A temporary downturn in economic activity, usually indicated by two consecutive quarters
of a falling GDP
. The official NBER definition of recession (which is used to date U.S. recessions) is: A recession is a significant decline in economic activity spread across the economy, lasting more than a few months, normally visible in real GDP, real income, employment, industrial production, and wholesale-retail sales. A recession begins just after the economy reaches a peak of activity and ends as the economy reaches its trough. Between trough and peak, the economy is in an expansion. Expansion is the normal state of the economy; most recessions are brief and they have been rare in recent decades. The start and end dates are determined by the Business Cycle Dating Committee of the National Bureau of Economic Research (NBER). It is a popular misconception that a recession is indicated simply by two consecutive quarters of declining GDP, which is true for most, but not all recession. NBER uses monthly data to date the start and ending months of recessions.
An extended decline in general business activity. The National Bureau of Economic Research formally defines a recession as three consecutive quarters of falling real gross domestic product. A recession affects different securities in different ways. For example, holders of high-quality bonds stand to benefit because inflation and interest rates may decline. Conversely, stockholders of manufacturing firms will probably see company profits and dividends drop.
Case Study After nearly a year of falling commodity prices, rising unemployment, increasing personal and corporate bankruptcies, falling stock prices, and declining public confidence, the National Bureau of Economic Research made it official and on November 26, 2001, declared a recession. The announcement wasn't a surprise to hundreds of thousands of people who had lost their jobs and an even greater number of investors who had experienced substantial losses in the stock market. The bureau's Business Cycle Dating Committee of six academic economists determined the recession commenced in March 2001, when economic activity stopped growing. Although many economists use declines in gross domestic product to define a recession, the NBER Dating Committee examined employment, industrial production, manufacturing and trade sales, and personal income. The country's last previous recession lasted eight months and ended in March 1991. The subsequent ten-year period of uninterrupted growth between March 1991 and March 2001 was the longest in America's history.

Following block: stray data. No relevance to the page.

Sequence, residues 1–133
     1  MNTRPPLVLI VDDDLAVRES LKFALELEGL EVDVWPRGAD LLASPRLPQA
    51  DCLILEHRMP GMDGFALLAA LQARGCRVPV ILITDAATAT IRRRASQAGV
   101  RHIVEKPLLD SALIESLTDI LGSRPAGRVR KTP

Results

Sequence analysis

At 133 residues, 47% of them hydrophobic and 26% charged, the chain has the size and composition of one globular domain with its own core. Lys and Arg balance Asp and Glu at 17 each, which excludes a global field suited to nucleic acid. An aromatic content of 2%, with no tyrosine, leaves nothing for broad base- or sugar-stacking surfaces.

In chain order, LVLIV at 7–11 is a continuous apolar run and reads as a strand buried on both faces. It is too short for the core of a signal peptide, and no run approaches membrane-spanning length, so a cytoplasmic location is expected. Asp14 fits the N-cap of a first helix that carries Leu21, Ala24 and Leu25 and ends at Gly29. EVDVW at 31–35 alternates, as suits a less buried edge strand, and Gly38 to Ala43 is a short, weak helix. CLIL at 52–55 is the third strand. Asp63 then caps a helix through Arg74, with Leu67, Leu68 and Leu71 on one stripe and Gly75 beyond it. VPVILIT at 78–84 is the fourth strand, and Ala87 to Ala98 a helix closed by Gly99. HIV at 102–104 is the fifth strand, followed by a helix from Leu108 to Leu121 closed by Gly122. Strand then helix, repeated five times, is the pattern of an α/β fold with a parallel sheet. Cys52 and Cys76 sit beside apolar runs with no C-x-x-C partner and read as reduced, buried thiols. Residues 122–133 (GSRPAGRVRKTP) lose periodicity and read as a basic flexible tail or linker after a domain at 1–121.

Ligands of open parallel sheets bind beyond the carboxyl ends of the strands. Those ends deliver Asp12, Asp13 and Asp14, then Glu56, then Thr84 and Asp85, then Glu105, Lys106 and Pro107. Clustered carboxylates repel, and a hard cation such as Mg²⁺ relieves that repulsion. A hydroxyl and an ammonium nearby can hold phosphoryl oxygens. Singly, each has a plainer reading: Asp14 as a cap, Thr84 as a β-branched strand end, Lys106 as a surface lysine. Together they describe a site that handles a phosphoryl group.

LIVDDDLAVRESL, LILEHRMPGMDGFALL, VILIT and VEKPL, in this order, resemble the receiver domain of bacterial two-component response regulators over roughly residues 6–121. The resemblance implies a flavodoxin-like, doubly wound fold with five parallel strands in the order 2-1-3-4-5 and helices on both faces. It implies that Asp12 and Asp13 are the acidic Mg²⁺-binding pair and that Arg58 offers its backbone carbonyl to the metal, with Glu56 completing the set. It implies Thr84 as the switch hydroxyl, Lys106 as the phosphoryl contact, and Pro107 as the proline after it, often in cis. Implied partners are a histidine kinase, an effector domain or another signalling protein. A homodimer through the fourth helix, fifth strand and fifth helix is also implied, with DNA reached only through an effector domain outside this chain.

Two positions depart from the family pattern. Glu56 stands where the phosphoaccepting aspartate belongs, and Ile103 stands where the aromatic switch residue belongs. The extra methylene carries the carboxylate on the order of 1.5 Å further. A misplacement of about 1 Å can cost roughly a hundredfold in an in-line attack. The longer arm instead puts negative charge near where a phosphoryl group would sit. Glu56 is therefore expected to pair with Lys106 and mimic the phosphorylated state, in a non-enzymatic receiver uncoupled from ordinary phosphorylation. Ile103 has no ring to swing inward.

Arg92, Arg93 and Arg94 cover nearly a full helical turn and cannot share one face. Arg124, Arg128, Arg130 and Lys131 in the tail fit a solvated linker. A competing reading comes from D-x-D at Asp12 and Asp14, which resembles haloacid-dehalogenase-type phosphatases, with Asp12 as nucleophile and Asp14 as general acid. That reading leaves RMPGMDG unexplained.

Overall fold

Broadly defined, a recession is a downturn in a nation's economic activity. The consequences typically include increased unemployment, decreased consumer and business spending, and declining stock prices.
Recessions are typically shorter than the periods of economic expansion that they follow, but they can be quite severe even if brief. Recovery is slower from some recessions than from others.
The National Bureau of Economic Research (NBER), which tracks recessions, describes the low point of a recession as a trough between two peaks, the points at which a recession began and ended -- all three of which can be identified only in retrospect.
The Conference Board, a business research group, considers three consecutive monthly drops in its Index of Leading Economic Indicators a sign of decline and potential recession up to 18 months in the future. The Board's record in predicting recessions is uneven, having correctly anticipated some but expected others that never materialized.
Technically, two successive quarters of falling gross domestic product as judged by the National Bureau of Economic Research, a private nonprofit, nonpartisan research organization founded in 1920.Commonly,a time of general economic slowdown.